You can use construction adhesive instead of wood glue in a pinch, and it’ll probably work well. However, it dries thick, which isn’t suitable for projects intended to appear seamlessly crafted. We’d suggest using it to fill gaps and joints to reinforce pieces bonded with wood glue.


  • Produces stronger bonds than wood glue
  • Many types available for specialized applications
  • Compatible with a wide range of materials
  • Can bond disparate materials together
  • Dries thick
  • Difficult to remove once dry

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Overview of Wood Glue:

Wood glue is a type of adhesive used to join wood together. Formulas vary, but all wood glues are designed specifically for woodwork. It’s thinner and runnier than construction adhesive, and dries into a thin, nearly undetectable layer. Because of its lower viscosity and the ingredients used, wood glue dries much faster than construction adhesive, typically within minutes to hours.

Most commercial wood glues use a polyvinyl acetate (PVA) formula, but there are epoxies and polyurethanes available for more heavy-duty applications. The main downside of most wood glues is that they’re usually water-soluble, which makes them simple to clean up, but limits their applications. You don’t want your deck furniture falling apart at the first sign of rain, after all. The good news is that wood glue is very cheap, so you can experiment with what does and doesn’t work for your projects.

Gluing wooden board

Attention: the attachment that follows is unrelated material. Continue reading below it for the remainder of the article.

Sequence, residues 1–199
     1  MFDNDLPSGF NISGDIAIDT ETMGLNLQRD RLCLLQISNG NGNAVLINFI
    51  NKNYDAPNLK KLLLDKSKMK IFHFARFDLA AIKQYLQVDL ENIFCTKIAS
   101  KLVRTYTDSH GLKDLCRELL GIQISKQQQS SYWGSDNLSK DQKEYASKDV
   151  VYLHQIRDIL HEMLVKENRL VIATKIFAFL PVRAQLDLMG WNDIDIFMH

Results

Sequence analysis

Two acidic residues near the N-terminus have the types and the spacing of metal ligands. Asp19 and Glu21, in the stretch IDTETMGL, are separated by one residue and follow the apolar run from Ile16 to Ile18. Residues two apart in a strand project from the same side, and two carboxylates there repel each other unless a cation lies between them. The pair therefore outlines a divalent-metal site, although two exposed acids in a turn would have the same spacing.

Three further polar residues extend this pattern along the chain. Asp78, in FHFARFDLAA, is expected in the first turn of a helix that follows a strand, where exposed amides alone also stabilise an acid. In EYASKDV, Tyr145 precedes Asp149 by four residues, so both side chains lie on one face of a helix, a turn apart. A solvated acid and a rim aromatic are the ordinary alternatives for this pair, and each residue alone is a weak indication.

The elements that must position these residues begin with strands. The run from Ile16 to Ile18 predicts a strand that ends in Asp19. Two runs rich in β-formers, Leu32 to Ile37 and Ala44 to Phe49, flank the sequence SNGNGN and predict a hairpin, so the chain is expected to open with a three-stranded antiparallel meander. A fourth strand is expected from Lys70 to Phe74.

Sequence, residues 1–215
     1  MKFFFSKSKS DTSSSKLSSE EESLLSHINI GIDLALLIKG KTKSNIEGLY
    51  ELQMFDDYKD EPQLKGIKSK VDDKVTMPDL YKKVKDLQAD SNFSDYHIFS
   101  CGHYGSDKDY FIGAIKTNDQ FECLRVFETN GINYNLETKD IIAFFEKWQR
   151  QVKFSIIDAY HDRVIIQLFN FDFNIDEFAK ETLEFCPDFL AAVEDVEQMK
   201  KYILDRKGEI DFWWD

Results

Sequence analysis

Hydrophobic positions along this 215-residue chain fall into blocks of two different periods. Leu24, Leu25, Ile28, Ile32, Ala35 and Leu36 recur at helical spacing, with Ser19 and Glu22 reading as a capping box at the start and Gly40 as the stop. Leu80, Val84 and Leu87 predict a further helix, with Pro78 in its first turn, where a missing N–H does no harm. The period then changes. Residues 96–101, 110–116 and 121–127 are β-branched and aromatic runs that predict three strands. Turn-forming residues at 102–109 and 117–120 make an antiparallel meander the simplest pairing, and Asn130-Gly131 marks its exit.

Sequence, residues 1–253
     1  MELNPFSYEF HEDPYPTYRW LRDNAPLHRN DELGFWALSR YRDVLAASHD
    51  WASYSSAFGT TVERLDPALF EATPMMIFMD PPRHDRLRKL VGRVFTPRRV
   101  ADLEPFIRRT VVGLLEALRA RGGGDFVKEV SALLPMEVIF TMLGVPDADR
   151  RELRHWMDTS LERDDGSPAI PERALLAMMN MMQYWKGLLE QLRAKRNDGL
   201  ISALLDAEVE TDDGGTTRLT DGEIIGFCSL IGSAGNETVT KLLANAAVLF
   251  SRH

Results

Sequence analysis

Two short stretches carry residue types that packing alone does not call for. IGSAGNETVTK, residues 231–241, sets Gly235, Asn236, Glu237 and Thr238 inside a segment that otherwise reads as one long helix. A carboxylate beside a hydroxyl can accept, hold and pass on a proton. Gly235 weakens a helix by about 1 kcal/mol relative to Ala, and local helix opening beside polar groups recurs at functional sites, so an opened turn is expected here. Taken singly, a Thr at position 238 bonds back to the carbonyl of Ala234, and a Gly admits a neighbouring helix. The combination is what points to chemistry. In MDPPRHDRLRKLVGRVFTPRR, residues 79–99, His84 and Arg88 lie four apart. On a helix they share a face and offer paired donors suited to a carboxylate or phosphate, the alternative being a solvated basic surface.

Image Credit: donatas1205, Shutterstock

Types of Wood Glue

Wood glue has a few major types we touched on above, but let’s learn a bit more about each type and what it has to offer carpenters and woodworkers.

Types of Wood Glue:
  • PVA: appears white but dries clear, PVA is the most prevalent wood glue because it produces a thin, clear, and strong wood bond
  • Epoxy: epoxy wood glues create very, very strong waterproof bonds, making it great for projects where durability is important
  • Cyanoacrylate: AKA super glue, these glues bond materials quickly but lack the flexibility of other wood glues
  • Polyurethane: messier than others, polyurethane wood glue foams when applies and dries thick and strong while also boasting superior flexibility

When to Choose

Wood glue is a go-to for many hobby and crafts projects because it’s cheap and works well with porous materials like paper and cardboard. Its main use is for joining wood together, such as for furniture repair, cabinetry, and small wood crafts. It’s usually used in conjunction with nails, screws, and other mechanical fasteners.

Regular PVA wood glue dissolves with moisture, so you shouldn’t use that if moisture is a concern. Instead, use waterproof epoxy or polyurethane glue. Always check if the glue is waterproof before using it—you don’t want any nasty surprises later.


  • Dries thin and clear
  • Waterproof options available
  • Specifically designed for wood, but works great for both porous and non-porous materials
  • Typically cheaper than construction adhesives
  • Widely available and affordable
  • Flexible bond expands and contracts with wood
  • Easy to apply and clean up
  • Not as strong as construction adhesive
  • The standard PVA wood glue isn’t waterproof
  • Not suitable for heavy-duty applications
  • Some types may shrink after curing and affect your final results
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Both construction adhesive and wood glue are essential tools to bond surfaces together, but they have different uses. Generally speaking, the former offers more heavy-duty strength and permanence, while the latter is best used for wood.

Featured Image Credit: (L) NIKCOA, Shutterstock | (R) appleyayee, Shutterstock